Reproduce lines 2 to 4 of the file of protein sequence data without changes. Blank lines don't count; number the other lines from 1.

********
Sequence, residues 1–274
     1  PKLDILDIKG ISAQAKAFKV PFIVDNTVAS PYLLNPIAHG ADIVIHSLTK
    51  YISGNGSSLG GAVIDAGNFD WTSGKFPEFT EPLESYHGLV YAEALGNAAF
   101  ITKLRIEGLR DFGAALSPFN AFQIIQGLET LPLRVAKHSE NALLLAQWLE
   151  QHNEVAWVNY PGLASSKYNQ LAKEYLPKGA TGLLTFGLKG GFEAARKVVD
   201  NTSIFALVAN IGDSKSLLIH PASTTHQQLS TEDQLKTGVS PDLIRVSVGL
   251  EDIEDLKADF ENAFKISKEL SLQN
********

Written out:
     1  PKLDILDIKG ISAQAKAFKV PFIVDNTVAS PYLLNPIAHG ADIVIHSLTK
    51  YISGNGSSLG GAVIDAGNFD WTSGKFPEFT EPLESYHGLV YAEALGNAAF
   101  ITKLRIEGLR DFGAALSPFN AFQIIQGLET LPLRVAKHSE NALLLAQWLE